|OddMix VACUUM TUBE - TRIODE|
Vacuum Electron Tubes Electronics Triode
|Figure 1. Lee De Forest External Grid Vacuum Triode|
|Figure 2. Triode|
The first commercially useable vacuum amplifier device was a three electrode electronic tube. Thus given its the name triode. It was invented and patented by Lee De Forest in 1906. The first patent disclosed with an external wire spiral wound around an Edison incandescent lamp. Only his second patent had the control grid - G1 internally were it belongs - Figure 1.
Since that time the tube undervent a fast revolutionary then a slow evolutionary changes. This fundamental device is continually perfected to its present form. The triode was initially the most often used vacuum tube in the world until its popularity exceeded by the newer pentode. Often used triode symbol on schematics and drawings is on Figure 2.
Triodes and other electronic tubes are useful for the restoration of vintage collectible radios and tube type electronics instruments. Many times, electronic circuits are simpler to design and build and more reliable when made with vacuum tubes then with semiconductors.
Initially the production of every single working triode was a major achievement thus early devices were almost always a single triode within one glass envelope. Later when manufacturers had the process under control, they realized that two triodes fit into a single glass encloser nicely and allowed the escalation or at least the holding of the high prices. The majority of the present day supply of triodes are almost always dual or twin devices.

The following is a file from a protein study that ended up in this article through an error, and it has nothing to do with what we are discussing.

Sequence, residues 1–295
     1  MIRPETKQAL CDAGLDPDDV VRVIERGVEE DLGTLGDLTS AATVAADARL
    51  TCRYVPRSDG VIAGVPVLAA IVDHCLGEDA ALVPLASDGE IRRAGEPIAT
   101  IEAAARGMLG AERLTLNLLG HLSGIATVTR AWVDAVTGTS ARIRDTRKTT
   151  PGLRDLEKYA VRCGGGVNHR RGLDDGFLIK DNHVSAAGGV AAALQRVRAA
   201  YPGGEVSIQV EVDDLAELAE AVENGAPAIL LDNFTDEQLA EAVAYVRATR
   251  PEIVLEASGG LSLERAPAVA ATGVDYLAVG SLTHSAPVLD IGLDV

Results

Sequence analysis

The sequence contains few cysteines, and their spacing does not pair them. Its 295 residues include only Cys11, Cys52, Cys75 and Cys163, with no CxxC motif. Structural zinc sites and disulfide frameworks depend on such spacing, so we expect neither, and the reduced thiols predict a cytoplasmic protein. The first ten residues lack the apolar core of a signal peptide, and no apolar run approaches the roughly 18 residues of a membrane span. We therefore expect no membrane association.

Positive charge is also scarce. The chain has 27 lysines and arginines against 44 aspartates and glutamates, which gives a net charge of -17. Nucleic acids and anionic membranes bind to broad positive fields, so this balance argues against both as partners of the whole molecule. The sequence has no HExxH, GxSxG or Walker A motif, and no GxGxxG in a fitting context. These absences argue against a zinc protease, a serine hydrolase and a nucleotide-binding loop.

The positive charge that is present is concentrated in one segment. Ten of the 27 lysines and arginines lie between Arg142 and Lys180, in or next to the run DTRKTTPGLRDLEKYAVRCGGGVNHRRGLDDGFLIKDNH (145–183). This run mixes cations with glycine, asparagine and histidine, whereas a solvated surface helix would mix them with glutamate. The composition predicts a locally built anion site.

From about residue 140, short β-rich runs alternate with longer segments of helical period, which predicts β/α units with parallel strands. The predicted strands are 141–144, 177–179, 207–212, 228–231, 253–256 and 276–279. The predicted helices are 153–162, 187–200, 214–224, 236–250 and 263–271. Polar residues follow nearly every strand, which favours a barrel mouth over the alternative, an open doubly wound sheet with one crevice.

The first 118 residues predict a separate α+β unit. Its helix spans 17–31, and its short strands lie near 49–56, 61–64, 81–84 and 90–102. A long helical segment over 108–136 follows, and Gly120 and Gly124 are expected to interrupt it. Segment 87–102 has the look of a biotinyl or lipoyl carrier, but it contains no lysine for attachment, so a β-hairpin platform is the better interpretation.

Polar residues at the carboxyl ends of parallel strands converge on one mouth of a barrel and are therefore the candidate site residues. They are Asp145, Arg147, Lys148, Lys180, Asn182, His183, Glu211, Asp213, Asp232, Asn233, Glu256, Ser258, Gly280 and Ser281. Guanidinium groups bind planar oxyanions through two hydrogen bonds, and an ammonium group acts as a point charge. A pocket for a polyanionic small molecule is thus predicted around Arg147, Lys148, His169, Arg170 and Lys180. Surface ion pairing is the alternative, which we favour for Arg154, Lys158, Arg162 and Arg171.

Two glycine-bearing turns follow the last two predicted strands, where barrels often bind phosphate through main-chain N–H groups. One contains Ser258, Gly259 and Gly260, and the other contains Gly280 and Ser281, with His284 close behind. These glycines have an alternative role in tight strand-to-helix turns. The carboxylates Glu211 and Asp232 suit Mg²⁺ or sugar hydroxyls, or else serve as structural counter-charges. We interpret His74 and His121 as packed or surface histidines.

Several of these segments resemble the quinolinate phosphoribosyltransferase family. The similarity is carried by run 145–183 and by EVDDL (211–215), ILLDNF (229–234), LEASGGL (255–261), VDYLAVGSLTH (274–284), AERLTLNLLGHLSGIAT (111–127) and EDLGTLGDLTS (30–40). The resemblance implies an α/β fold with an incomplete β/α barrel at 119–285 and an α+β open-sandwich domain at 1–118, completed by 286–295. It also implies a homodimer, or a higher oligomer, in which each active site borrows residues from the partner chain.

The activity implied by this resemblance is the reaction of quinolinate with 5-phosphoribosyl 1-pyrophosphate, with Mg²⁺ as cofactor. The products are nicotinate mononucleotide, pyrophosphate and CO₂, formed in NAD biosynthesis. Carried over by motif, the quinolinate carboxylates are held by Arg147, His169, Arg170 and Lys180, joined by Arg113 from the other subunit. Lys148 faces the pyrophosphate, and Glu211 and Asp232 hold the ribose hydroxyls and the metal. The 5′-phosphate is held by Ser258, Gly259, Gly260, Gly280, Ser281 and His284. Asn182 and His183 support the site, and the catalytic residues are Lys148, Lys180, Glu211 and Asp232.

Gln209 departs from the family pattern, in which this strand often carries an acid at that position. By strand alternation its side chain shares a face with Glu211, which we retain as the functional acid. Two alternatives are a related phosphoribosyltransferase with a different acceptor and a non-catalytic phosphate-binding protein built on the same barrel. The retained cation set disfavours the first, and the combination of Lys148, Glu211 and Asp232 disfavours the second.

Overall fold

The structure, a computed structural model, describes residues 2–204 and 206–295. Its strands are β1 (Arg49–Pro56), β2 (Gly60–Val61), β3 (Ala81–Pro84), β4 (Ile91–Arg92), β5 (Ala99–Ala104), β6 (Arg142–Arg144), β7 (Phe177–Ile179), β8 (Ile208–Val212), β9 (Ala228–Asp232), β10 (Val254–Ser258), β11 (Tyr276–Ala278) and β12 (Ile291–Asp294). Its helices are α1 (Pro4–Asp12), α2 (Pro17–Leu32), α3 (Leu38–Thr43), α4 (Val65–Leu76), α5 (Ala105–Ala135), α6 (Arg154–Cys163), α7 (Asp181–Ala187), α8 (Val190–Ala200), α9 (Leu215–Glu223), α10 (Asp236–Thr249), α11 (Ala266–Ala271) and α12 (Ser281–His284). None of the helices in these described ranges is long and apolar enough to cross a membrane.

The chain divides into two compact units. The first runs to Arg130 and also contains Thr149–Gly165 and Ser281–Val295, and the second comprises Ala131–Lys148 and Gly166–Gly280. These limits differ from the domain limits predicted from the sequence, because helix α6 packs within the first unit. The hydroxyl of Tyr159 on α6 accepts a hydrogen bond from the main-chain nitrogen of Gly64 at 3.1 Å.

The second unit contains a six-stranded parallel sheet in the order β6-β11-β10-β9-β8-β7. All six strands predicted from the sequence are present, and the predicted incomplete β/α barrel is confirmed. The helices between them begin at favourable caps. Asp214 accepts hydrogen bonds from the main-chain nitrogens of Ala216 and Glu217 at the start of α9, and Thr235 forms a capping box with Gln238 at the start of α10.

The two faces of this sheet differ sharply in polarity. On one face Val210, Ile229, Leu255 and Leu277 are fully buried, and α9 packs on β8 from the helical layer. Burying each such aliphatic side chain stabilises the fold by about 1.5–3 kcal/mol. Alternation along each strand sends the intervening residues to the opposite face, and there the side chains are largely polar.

When the term "vacuum tube" is used - contrary to the vague Lee De Forest audion patent explanation - it always means high-vacuum. The harder is this high-vacuum, the better is the electron tube. It was found out in the early part of the 1900's when the same type tubes were made by several different manufacturers that the best tube was always the one that was evacuated the best and hardest.
The three triode electrodes - in order of increasing potential - are the cathode, the control grid - G1, and the anode or plate - A. The cathode is located at the center of a cylindrical triode assembly and is usually is at zero or reference potential. The G1 control grid electrode operates at a small negative potential with respect to the cathode. The space-charge electrons are repelled by this negative potential and they avoid the G1 thus no grid current flows, allowing excellent high input impedance for the tube.